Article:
Written by Sophia Sunshine Vilceus

Re: “How Are These White Teachers At A Long Island School Helping Black Kids Achieve Above- Average Graduation Rates?” (New York School Talk)

I, like many of my friends who graduated from Elmont, cringed when I initially read this suggestive title.  Sent by my sister-friend who is a New York City educator and attended Elmont, I hesitantly opened up the link from her text with much reservation. When I was done reading the article, however, I felt unsettled — unsettled because there was a concoction of truth melded with some dangerous and problematic notions and ideologies.

I agree with many of the sentiments of the article.

I certainly agree that Elmont Memorial High School is an amazing educational institution, that produces brilliant scholars and gives the space to students to absolutely flourish.

I agree that the majority of Elmont Memorial students are black and brown, and are taught by caring, compassionate, competent, Caucasian educators.

But to suggest that part of the ascendancy of Elmont students is because our white, educators held us to the same standards as they would for other demographics is problematic. What does that even mean anyway? We must be meticulous about how we frame these narratives.

Yes, I adore and appreciate my Elmont educators, many of whom are white. Many of them shaped the trajectory of my career as an Educator.  

In my years at Elmont, I may have been taught by two educators, in total, who looked like me. Being taught by them did something essential for me that goes beyond a textbook or a Regents exam. It wasn’t until I got to college at the CUNY City College of New York and minored in Black Studies, that most of my educators were Black and Brown. They opened my eyes to truths about myself and society that many of my Elmont teachers simply could not do for a multitude of reasons — one being their race.

Yes, Elmont has some of the greatest educators on the Island. But that does not mean that every single white teacher was here for us or wholeheartedly believed in us — let’s get real. That, too, taught us an invaluable lesson: for every few highly competent people in any given field, there will be some who are not and who have made it through the cracks.

As black and brown students and people, we still have to make it anyhow. We learned to excel whether or not every single teacher taught us to the best of their ability. Let’s not even mention the different quality of education that was often granted to “Advance Placement Students” and “Regular” students, which is a whole divergent conversation.

Granted, the demographics of the educators at Elmont may have changed since I graduated a decade ago, but I believe it is beneficial and essential for young students to see people in authority and education that can identify with them and connect with them on various levels. We need to see ourselves in the people that hold the positions that we are striving for. (Other than “sports, entertainment, and the like.”)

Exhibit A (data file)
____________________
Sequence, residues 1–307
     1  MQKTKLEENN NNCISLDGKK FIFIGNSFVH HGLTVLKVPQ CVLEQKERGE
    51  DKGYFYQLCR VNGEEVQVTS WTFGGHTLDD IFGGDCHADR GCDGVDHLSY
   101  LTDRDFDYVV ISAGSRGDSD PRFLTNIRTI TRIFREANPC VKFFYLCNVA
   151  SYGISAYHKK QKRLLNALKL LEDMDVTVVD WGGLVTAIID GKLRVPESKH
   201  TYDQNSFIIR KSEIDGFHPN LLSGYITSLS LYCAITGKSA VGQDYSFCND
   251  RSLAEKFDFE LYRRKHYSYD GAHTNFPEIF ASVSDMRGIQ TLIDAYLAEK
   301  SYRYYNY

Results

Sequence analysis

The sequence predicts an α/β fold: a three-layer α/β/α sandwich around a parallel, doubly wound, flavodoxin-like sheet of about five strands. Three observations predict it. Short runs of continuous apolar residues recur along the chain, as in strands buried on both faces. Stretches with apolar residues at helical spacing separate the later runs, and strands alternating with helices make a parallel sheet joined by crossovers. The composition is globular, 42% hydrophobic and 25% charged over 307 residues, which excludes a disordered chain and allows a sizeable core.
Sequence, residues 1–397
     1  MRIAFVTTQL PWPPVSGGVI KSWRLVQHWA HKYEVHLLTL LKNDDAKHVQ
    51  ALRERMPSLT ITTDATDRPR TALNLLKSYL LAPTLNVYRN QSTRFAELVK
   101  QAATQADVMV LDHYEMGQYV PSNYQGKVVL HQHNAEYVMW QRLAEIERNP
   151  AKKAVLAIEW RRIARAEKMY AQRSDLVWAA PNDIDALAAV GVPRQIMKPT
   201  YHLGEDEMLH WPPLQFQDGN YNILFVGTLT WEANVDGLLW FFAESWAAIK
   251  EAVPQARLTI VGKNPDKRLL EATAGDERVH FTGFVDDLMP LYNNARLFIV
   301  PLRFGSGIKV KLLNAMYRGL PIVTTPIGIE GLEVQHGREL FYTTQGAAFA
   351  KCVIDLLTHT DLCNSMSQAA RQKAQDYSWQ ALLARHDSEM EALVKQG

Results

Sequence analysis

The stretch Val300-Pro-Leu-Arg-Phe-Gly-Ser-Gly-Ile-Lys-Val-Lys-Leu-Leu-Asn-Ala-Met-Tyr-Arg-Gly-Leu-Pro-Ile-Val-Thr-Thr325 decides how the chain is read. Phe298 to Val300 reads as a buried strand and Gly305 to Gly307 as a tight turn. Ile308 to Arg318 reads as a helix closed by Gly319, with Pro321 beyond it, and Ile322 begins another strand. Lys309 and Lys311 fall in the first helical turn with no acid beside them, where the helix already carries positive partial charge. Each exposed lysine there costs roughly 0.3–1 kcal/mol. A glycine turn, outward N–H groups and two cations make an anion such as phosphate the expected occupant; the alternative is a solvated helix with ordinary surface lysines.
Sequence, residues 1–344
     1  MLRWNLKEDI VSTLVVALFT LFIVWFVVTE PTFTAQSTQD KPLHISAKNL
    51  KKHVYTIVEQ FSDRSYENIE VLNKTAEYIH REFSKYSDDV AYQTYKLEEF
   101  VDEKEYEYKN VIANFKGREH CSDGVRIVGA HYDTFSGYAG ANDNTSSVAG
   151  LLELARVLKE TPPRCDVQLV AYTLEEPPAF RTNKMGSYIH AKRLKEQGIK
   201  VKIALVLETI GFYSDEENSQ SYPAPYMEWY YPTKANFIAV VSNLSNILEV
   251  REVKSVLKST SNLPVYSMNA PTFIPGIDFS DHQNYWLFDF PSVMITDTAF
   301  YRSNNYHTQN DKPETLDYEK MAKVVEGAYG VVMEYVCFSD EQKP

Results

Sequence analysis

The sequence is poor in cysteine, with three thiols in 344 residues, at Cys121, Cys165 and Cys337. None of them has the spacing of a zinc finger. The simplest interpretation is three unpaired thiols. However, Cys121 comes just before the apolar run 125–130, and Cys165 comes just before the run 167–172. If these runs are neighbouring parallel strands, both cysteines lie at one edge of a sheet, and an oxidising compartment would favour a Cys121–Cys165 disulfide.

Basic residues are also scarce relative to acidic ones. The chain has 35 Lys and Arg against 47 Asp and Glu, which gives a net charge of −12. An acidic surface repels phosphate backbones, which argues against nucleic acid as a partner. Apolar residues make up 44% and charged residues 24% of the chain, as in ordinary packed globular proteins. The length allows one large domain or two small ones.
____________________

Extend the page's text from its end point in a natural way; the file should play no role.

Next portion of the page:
We did not have mediocre black teachers at Elmont. We had one black teacher at Elmont. (I’m exaggerating here, I’m sure we had maybe two.)

And that one black teacher (who we all know and love), well, she was/is amazing, not only because she is a gifted educator but because she celebrated her blackness and ours too.

She let us know that she saw us in herself and vice versa. She let us know that she saw us. She was adored by us. We didn’t deny seeing color. The point is, to state that a competent white teacher is more valuable than a mediocre black teacher is correct, but irrelevant in the case of Elmont because we had such limited colored professionals. And like many other arenas in life, these black teachers had to, arguably, work doubly as hard to be taken seriously both by their colleagues and the students (who were not used to seeing colored teachers).

As an educator myself, I certainly know the influence that we have in a child’s life, based on what we do in our classrooms.

At the crux of the successes of Elmont students are determined, over-worked, inspirational immigrant parents who forged a way for us.

They afforded us a quality education that they did not always necessarily receive themselves.  We cannot overlook the role that good parenting and a stable family home contributes to developing a well rounded, wholesome, educated, young colored person.

I am indebted to all of my educators at Elmont. But my success wasn’t founded on solely being educated by “white saviors.”  My family, my faith, my adversity, my community, and my will to be the best version of myself are all significant factors that contributed to and ensured my success.

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Sophia Vilceus graduated from Elmont Memorial High School as her Class President in 2007. She went on to The CUNY City College of New York to pursue her undergraduate studies, then to Howard University for an advanced degree. Sophia is currently based out of Maryland where she is an Adjunct Professor of English at the University of Maryland, Montgomery College, and Prince Georges Community College. She has been published in Heart & Soul Magazine and The Praying Woman. Sophia says her greatest life’s work so far is her new book, The Last Pew: Journeying Back to God’s Will After an Affair, available for purchase now at Amazon.com.

Written by Sophia Sunshine Vilceus

 

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